Questioning the Use of Psychotropic Drugs in Foster Care

psych-drug-slideThe medication Eddie was given in foster care made him feel “like a sloth.”

“I was always falling asleep. I couldn’t stay up for a little bit or even to finish a test, so I kept getting held back in school,” he told Children’s Rights. “It was very hard.”

Eddie, who was removed from his violent home and placed in care at 6 years old, is far from the only foster child who has struggled with the effects of powerful psychotropic drugs. Kids in foster care systems throughout the United States are being prescribed the meds to help them cope with mental health issues like post traumatic stress disorder, anxiety and depression. And the side effects — such as drowsiness, hallucinations, suicidal thoughts and weight gain — can be harsh.

The oversight — or lack of thereof — that child welfare systems have over the administration of the meds has become a hot button issue as more information has come to light about their use. In 2011, the U.S. Government Accountability Office (GAO) released a report revealing that 35 percent of foster kids were prescribed psychotropic drugs, compared to just 10 percent of other children, in the five states it studied. The report spurred national media attention in outlets like 20/20 onABC and NPR, and was the subject of a U.S. Senate subcommittee hearing.

At the Senate hearing, a 12-year-old boy, who was put on 20 different drugs before his adoptive parents weaned him off in favor of therapy, shared his experience, and advice.

“Meds aren’t going to help a child with their problems. It is just going to sedate them, make them tired, make them forget it for a while, and then it comes back and it happens again,” Ke’onte Cook told lawmakers. “What I learned is that when you are taking therapy you talk about the deepest things, it hurts, then it comes back, but you can handle it better.”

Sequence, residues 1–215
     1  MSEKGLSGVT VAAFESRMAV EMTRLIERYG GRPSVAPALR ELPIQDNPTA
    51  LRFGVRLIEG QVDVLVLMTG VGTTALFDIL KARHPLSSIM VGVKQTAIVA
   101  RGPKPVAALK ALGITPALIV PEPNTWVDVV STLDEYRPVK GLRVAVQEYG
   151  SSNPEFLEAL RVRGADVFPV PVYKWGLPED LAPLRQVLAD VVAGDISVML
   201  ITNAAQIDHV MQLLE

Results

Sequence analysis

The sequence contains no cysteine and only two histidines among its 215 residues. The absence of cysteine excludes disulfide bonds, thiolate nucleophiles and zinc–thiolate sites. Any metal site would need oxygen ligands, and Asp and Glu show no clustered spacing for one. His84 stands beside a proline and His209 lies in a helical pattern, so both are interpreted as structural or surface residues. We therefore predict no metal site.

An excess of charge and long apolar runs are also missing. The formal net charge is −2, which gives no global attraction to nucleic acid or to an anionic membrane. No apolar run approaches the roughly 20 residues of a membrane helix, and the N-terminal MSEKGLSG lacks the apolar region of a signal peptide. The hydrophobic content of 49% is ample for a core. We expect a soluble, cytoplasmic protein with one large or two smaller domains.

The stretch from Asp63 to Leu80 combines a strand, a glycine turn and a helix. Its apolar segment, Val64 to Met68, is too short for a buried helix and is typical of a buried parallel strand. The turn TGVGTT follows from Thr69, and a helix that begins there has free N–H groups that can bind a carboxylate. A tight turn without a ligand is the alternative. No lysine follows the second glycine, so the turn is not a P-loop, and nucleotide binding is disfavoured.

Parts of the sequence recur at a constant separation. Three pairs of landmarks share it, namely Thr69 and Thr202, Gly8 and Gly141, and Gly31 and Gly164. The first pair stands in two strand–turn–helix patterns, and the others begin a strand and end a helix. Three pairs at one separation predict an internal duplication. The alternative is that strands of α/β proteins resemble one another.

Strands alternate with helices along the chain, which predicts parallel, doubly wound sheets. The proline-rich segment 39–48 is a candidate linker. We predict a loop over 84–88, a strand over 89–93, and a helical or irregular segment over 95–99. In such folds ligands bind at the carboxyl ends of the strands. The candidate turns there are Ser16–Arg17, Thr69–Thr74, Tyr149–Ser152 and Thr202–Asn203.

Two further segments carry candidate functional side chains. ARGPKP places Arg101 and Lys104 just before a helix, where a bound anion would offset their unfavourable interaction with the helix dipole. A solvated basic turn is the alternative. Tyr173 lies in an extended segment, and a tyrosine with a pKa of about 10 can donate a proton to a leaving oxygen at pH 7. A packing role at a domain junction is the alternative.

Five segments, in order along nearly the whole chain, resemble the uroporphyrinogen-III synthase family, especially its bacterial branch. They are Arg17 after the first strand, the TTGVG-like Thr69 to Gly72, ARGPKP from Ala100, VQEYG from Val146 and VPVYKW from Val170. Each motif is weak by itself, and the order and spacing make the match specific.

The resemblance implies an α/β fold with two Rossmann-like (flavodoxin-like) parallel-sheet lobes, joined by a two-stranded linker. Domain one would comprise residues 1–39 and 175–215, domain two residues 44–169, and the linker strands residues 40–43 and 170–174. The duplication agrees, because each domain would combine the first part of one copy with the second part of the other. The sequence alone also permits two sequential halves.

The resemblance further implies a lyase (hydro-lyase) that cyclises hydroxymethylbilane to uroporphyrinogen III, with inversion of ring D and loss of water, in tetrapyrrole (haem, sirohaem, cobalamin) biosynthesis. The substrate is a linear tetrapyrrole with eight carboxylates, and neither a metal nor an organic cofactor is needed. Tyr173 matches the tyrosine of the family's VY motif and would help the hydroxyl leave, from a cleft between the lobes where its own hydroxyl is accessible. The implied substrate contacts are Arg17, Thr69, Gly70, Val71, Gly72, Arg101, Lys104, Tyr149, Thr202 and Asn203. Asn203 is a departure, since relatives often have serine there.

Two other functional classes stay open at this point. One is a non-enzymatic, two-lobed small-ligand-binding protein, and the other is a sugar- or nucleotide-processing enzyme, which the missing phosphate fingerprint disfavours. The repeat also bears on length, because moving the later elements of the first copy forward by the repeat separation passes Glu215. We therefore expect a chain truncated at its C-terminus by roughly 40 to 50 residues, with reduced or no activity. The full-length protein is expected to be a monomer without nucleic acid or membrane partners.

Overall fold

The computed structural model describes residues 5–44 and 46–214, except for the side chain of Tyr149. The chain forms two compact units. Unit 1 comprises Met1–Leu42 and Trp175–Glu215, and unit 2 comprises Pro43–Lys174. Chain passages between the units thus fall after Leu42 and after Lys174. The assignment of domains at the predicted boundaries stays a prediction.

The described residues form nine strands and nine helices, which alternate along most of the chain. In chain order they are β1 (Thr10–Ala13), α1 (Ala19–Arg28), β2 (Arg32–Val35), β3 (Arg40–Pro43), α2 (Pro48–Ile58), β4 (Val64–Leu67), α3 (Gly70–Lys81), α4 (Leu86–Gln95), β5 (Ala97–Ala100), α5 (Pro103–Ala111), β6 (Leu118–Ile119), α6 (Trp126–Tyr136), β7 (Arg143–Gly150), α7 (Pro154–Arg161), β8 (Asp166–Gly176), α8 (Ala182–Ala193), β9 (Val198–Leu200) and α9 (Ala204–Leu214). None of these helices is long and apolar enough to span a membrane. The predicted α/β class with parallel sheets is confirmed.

Besides finding that foster kids like Ke’onte and Eddie are far more likely than kids outside of foster care to be prescribed psychotropic drugs, the GAO study also found that foster kids are more likely to be prescribed five or more psychotropic drugs at an age and at doses that exceed FDA approved levels. Some of the medications have not even been approved as safe and effective for children by the FDA.

“In some cases psychotropic medications can be warranted in combination with mental health services — but child welfare systems have a responsibility to provide rigorous oversight and give kids the best treatment to overcome the trauma they’ve lived through,” said Marcia Robinson Lowry, executive director of Children’s Rights. “We are fighting to ensure that happens.”
Children’s Rights is currently pushing for stronger management of the administration of psychotropic drugs to foster children in Massachusetts, just like we’ve secured in New Jersey, Michigan and Tennessee. The roadmaps for sweeping foster care reform that we negotiated in these states prohibit child welfare officials from using psychotropic medications as a method of discipline or control for any child. We also ensured that these states are required by force of law to hire medical directors — a position that didn’t previously exist — to monitor the usage of psychotropic drugs in care.

Eddie, who aged out of foster care at 18, is no longer on any psychotropic medications, and said he is “actually better without them.” He is focused on his future. “My plans are to finish school, go to college for a couple years, get a good, decent job, and settle down,” he said.

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